The Orlando arena was electric. The Magic, having lost their first home game against the Boston Celtics, were in a must-win situation. To lose the first two games of a playoff series at home is almost certain death, but they had fought back from an 11-point fourth-quarter deficit to take a one-point lead. Now they were down by three with 31 seconds to go. One of their stars, Vince Carter, was on the line to shoot two foul shots.
He missed them both. The Magic went on to lose.
Who understands the psychology of foul shots? A player who can drain a contested off-balance nothing-but-net three pointer and then miss a shot where everyone is standing around watching.
Perhaps there’s too much time to think. Shaquille O’Neal, one of the great all-time centers, could hit foul shots during practice but not during games. As a result teams played “hack-a-shaq” whenever he had the ball close to the basket. In his glory days he never missed from the paint but was usually under 50% from the stripe.
Apparently they even have a name for it. Shaqnopsis is “a psychological condition that temporarily renders a basketball player incapable of hitting a freethrow.”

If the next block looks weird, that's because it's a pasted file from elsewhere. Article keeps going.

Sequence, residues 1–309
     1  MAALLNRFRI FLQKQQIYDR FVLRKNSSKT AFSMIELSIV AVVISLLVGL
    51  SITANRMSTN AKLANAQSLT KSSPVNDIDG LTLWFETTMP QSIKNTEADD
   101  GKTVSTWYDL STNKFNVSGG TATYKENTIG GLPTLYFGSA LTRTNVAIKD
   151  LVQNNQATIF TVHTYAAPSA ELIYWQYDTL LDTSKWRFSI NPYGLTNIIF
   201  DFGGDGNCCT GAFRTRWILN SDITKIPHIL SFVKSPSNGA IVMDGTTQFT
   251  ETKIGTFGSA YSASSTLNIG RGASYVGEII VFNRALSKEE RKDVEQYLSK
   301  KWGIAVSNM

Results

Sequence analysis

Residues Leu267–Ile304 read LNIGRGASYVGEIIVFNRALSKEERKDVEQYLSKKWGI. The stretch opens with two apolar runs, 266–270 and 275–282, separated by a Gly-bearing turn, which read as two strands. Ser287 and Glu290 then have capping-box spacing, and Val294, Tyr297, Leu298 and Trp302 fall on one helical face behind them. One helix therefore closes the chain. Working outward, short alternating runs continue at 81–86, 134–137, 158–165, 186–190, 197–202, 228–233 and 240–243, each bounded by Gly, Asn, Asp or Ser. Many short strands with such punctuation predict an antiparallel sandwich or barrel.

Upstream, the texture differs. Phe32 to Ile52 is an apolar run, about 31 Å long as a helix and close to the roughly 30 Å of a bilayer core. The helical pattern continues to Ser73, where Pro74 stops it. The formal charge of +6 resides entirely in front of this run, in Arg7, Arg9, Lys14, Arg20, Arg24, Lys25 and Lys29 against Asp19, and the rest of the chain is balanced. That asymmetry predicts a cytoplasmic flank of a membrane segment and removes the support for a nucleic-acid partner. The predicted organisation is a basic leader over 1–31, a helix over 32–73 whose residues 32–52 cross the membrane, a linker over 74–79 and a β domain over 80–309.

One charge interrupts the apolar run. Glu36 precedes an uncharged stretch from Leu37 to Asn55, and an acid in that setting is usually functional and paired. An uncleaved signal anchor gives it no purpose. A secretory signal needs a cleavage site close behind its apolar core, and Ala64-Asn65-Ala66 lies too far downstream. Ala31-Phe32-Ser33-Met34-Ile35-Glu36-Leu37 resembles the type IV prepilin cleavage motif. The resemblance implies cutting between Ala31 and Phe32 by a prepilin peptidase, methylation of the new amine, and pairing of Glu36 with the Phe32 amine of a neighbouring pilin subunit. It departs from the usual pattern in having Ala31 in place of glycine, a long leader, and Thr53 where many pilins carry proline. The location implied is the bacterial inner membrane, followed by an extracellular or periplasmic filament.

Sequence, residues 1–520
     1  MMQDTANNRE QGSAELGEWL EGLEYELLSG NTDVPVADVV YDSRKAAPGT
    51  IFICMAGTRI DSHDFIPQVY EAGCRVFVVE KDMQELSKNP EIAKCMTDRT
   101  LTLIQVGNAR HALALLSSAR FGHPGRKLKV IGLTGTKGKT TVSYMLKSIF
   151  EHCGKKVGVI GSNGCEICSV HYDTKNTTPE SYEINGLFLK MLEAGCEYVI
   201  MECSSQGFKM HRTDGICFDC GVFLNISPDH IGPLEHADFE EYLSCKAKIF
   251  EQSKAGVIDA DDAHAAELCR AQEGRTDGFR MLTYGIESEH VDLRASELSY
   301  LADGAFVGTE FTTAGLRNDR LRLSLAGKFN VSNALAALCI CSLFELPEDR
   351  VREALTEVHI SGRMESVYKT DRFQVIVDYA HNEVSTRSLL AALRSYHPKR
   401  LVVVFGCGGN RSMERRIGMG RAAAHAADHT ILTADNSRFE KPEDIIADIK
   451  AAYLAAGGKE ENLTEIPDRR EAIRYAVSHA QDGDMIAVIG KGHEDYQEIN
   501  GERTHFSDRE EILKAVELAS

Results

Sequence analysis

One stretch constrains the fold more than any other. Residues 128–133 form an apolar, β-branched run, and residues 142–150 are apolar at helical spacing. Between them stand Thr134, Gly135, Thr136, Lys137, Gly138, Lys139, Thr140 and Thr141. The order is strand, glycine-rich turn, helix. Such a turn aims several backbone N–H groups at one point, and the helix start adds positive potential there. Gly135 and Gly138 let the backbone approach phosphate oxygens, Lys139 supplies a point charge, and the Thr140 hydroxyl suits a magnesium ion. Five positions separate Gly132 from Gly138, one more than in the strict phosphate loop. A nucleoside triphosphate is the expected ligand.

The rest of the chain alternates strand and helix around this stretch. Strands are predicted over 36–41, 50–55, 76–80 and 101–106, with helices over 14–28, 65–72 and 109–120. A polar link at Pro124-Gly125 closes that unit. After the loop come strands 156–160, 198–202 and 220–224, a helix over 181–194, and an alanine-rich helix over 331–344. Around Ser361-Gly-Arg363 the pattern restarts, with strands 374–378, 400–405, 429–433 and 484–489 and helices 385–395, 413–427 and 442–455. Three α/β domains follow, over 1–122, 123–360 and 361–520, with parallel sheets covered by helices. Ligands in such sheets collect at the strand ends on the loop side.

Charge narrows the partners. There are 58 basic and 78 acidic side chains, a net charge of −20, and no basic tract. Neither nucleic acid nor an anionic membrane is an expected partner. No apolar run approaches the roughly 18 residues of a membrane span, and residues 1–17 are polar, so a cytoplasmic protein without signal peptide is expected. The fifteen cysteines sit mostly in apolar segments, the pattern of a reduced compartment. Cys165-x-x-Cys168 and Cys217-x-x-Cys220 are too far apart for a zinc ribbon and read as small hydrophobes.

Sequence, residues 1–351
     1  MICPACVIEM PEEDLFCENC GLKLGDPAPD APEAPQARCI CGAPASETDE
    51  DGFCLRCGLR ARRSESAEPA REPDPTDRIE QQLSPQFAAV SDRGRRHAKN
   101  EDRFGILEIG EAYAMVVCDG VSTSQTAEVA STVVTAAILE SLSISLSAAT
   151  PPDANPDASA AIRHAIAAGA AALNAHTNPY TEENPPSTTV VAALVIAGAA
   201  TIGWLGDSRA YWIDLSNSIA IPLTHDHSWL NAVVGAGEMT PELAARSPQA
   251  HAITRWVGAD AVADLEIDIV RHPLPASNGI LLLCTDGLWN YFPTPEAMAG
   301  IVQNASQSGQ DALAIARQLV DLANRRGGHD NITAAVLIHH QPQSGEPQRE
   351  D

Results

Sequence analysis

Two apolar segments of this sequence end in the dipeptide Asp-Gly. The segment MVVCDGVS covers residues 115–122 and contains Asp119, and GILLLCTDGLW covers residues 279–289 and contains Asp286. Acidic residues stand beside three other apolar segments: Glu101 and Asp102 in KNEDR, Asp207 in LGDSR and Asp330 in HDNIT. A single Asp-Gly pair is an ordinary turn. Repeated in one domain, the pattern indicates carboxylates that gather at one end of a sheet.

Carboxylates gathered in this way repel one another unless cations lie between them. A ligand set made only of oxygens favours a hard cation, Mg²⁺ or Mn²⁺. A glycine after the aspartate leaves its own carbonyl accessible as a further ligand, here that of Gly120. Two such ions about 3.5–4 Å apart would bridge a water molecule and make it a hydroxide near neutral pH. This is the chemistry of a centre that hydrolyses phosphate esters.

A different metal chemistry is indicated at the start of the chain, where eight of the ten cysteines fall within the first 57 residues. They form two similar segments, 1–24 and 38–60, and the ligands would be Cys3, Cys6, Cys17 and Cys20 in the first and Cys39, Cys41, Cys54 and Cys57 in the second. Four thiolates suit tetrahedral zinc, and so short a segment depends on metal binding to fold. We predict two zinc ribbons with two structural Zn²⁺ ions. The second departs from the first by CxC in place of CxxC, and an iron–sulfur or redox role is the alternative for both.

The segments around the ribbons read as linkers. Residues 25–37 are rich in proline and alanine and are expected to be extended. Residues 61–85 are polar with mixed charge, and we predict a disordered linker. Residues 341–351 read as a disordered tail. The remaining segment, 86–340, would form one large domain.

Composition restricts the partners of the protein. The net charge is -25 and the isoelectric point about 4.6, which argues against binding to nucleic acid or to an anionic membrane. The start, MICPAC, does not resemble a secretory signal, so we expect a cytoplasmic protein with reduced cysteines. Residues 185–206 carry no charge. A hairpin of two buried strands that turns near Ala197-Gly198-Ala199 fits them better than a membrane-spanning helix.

Foul shots are the least dramatic shot in basketball—except when time is running out and a game hangs in the balance. Here’s a poem by Edwin Hoey, sent to me by my father, that captures that drama:
With two 60’s on the scoreboard
And two seconds hanging on the clock,
The solemn boy in the center of eyes,
Squeezed by silence,
Seeks out the line with his feet
Soothes his hands along his uniform
Gently drums the ball against the floor,
Then measures the waiting net,
Raises the ball on his right hand,
Balances it with his left
Calms it with fingertips,
And then through a stretching of stillness,
Nudges it upward.
Slides up and out,
Plays it coy
Until every face begs with unsounding screams—
Right before ROAR-UP,
Dives down and through.